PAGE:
What I’m referring to is this feeling, which I seem to have been having a lot over the last couple of weeks, that I haven’t much control over whether my sessions are ending in the red or in the black. Rather, it’s all coming down to the cards. (That is what it seems like, anyhow.)
Ever get that feeling? Like yr slowly losing yr “feel” or reading ability or whatever, becoming ever more reliant on the cards and not yr other well-honed poker skills to get you where you need to be?
I know, I know -- we are always reliant on the cards to some extent. An unlucky (or lucky) river can make or break a session, especially if one plays no-limit or pot-limit games. I suppose I’ve just had a higher than usual number of sessions lately that were dominated by these kinds of hands, where it seemed like there was little I could have done differently to avoid a fate that might as well have been predetermined for me by the order of the deal.
For example, on Tuesday I sat down at a 6-handed PLO table, buying in for the $25 maximum. Had played several orbits, slipping just under $20 while noting the erratic play of WildChild, a player sitting exactly opposite the table from me. He’d been doing a lot of preflop raising with random hands, which wouldn’t be remarkable but for the fact that he didn’t seem too cognizant of the importance of position. His recklessness often continued after the flop as well, and I’d already witnessed him having found himself in a couple of especially bad spots while struggling to maintain his $15 stack.
Then came a hand where I was dealt in the big blind. Two players limped, and WildChild raised pot to $1.35. The player to his left called the raise, the small blind folded, and I went ahead and repopped it to $5.90. As I rule, I try not to go beserk with aces in PLO -- especially from early position -- but thought here I had a chance to isolate against what was likely a much inferior hand.
One limper folded, but the next -- SandCastle -- called my reraise. Didn’t like that too much. Then WildChild reraised to $13.25, putting himself all in. The player to his left folded, and I didn’t see I had much of a choice. I pushed my entire stack in, SandCastle made the call (making the total pot about $55), and as we were on Full Tilt our hands were then flipped over.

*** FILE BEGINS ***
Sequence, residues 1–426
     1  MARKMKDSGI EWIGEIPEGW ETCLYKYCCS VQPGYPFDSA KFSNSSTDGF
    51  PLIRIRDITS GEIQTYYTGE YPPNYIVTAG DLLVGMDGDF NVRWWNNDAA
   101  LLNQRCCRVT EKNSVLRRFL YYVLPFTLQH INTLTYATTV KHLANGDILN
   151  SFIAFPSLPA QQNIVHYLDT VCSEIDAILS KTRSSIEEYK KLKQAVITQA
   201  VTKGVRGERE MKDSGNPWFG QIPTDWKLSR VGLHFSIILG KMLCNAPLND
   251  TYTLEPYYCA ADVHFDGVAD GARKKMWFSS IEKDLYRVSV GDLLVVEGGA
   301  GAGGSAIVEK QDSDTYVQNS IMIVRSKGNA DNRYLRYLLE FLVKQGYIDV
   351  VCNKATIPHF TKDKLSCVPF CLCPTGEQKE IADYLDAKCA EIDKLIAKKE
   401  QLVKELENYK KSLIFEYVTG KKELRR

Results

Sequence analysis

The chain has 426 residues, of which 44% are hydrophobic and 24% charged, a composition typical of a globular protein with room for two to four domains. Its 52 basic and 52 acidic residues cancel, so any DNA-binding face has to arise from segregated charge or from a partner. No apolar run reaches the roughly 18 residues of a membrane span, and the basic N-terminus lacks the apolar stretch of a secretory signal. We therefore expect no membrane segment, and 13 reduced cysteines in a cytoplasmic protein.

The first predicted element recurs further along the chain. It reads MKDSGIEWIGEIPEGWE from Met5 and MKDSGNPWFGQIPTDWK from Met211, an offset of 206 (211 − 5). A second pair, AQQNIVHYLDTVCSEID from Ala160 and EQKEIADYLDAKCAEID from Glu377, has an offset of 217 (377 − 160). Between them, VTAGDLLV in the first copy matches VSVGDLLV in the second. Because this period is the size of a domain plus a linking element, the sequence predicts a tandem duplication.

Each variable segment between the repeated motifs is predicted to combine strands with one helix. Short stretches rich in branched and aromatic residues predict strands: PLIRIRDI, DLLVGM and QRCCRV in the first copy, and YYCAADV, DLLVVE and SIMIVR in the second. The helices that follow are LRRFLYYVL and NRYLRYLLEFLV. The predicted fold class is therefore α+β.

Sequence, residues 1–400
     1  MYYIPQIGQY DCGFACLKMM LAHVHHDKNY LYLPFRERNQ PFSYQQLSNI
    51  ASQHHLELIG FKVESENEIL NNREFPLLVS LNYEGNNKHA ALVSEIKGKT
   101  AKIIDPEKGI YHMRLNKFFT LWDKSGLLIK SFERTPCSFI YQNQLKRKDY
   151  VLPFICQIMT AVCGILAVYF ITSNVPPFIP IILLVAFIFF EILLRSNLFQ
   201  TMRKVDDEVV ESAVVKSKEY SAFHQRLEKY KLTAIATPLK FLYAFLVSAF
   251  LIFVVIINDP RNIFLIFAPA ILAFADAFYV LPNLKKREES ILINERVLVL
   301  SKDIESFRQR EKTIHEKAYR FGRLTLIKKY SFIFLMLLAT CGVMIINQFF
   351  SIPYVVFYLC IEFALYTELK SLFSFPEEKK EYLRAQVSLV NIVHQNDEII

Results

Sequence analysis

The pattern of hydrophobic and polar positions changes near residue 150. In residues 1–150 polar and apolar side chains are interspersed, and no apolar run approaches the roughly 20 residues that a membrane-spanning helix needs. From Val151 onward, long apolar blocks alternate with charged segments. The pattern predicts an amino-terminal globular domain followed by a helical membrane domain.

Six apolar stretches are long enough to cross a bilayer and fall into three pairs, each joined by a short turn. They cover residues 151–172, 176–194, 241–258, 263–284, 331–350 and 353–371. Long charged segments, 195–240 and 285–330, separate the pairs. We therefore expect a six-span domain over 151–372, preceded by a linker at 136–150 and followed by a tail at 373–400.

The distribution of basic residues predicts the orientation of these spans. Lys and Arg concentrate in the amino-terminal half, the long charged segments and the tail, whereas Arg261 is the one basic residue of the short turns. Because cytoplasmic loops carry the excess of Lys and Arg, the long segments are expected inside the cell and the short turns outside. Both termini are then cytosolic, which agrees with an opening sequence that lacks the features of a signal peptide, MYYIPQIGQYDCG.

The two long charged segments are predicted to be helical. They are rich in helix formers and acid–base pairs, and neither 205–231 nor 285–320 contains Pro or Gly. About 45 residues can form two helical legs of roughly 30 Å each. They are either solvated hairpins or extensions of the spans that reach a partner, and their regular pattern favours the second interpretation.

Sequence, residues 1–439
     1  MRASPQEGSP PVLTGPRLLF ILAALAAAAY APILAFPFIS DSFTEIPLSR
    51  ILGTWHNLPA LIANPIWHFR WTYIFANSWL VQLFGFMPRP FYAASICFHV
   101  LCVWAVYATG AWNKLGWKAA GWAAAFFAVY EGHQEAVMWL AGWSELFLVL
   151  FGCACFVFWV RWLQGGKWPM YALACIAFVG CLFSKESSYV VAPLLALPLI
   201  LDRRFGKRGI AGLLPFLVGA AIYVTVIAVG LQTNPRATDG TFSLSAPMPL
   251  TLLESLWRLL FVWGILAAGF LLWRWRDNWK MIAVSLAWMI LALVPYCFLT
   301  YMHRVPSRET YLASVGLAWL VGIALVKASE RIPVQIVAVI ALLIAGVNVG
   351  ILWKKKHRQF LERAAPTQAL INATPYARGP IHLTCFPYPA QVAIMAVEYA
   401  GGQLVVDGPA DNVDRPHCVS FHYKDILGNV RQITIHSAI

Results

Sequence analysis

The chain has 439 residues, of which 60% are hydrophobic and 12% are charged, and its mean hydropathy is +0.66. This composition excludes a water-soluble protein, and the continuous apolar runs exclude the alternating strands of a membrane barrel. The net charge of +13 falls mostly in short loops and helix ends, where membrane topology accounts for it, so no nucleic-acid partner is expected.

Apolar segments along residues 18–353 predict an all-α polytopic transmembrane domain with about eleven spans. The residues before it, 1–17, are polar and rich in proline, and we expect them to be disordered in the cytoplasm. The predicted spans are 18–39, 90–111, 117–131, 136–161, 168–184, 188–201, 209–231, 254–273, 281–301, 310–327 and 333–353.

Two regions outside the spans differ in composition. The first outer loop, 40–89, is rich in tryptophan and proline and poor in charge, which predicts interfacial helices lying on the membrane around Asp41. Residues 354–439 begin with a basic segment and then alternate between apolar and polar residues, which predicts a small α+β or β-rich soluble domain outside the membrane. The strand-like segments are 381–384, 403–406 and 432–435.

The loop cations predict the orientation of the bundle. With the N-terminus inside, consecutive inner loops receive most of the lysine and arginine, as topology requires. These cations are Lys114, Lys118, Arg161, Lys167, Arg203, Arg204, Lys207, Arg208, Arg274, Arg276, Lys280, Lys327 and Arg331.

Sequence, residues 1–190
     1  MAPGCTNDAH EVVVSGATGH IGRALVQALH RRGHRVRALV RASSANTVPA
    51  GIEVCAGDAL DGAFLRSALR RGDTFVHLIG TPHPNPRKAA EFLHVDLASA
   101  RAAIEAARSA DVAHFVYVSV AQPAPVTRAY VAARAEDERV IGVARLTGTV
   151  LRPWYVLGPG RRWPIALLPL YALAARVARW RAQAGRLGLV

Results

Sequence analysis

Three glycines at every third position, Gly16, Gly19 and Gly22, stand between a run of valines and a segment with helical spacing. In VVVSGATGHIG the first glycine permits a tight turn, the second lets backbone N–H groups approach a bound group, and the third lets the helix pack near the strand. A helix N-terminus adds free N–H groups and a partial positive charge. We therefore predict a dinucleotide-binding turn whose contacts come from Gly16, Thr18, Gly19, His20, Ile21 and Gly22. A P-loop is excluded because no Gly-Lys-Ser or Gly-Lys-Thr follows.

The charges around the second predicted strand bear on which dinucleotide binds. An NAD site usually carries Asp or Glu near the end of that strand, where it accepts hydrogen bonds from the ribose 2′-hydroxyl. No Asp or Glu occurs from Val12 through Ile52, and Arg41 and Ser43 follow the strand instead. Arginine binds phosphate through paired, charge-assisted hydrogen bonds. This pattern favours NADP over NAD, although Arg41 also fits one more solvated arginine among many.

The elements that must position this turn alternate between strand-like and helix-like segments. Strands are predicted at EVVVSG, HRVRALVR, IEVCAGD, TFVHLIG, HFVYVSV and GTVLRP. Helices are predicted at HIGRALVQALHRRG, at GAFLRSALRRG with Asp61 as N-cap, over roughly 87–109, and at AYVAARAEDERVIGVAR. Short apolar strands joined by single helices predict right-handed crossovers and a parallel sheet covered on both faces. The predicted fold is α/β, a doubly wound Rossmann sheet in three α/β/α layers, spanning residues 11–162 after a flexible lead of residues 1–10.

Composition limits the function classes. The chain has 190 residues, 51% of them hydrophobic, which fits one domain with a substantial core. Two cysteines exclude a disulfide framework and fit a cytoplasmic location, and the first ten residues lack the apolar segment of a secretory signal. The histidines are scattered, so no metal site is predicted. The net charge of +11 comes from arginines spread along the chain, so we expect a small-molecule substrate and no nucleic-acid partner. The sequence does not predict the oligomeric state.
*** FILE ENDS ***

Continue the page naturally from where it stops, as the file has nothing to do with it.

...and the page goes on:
Don’t care much for races with aces -- even single-suited (and with faint straight hopes) -- especially when up against two opponents. WildChild showed , a perfectly silly hand for him to be holding here. Wouldn’t be so bad to be heads up versus just him. But SandCastle had , giving me a few more cards to fade. A six flopped, as did two hearts. But no third heart came, and I was stacked.
No biggie, but it is hard to feel like yr much in control in hands like these. I suppose I’d played the hand reasonably, mathematically speaking. I’d tried to push SandCastle out but couldn’t, and in the end had used my $20 to try to win a $55 pot (a little under 2-to-1, pot odds-wise) in a hand where I had a 43% chance to win. Do that a hundred times and I should be coming out ahead, I guess.
But once we push it all in, we’re all just-a wishin’ and hopin’.
Then yesterday I sat down at a full ring game at PokerStars and again found myself in situations where it seemed utterly necessary to yield to the cards -- to abandon oneself to fickle fortune and let it determine who the winners and losers would be.
Started with the very first hand when I flopped the nut straight, then ended up paying off a short-stack who managed to turn his two pair into a boat. I battled for a while, building back up to $36.50. Then came this hand:
Like I say, sometimes it seems like the cards are playing us. Here PoorSap decided not to raise with his A-A-x-x from the blinds, which he might have considered doing (he was single-suited and also had a king), but I completely understand not wanting to do that from early position. His check-raise on the river was terrific, frankly. I’d have had a hard time checking there, worrying that the second queen on the river would’ve scared my opponent into checking behind. But he knew I would bet out, which I suppose I probably would’ve done even with jacks full.
Didn’t matter, though. None of it did. There was nothing either of us could have done to avoid that conclusion to the hand. That’s a pretty lame starter I’m holding -- -- but I’d have probably still called a preflop raise given the fact that the button folded and I would be last to act for the rest of the way. Perhaps I might’ve bet out on the flop, but I’d imagine PoorSap might take one off with his gutshot straight draw. (Maybe not, I dunno.) In any event, once that turn card came, our fates were both sealed.
I should add one disclaimer here. When one routinely plays crap hands (like my Q-Q-x-x) or hands from out of position, one tends to end up in these “what could I do?” positions much more frequently. And I’ve probably been guilty of that a bit here lately, letting my impatience encourage me to play (and proceed with) certain hands I normally wouldn’t be as eager to push if I were thinking more clearly.
When, say, in PLO you pick up something like two nines with two other cards that aren’t providing any real straight or flush potential and you decide to play ’em, hoping to hit a set, yr asking for trouble. The flop comes J-9-2, you get stacked off by J-J-x-x, then you scratch yr head wondering “what could I do?”
The good player understands the cards didn’t “play him” there. He recognizes his own not-insignificant role in his demise, and hopefully he learns something going forward.
But then there are times when it really is out of his control.
And, in a way, that can be fun, too. Especially if he isn’t the one the cards are playing for a sap.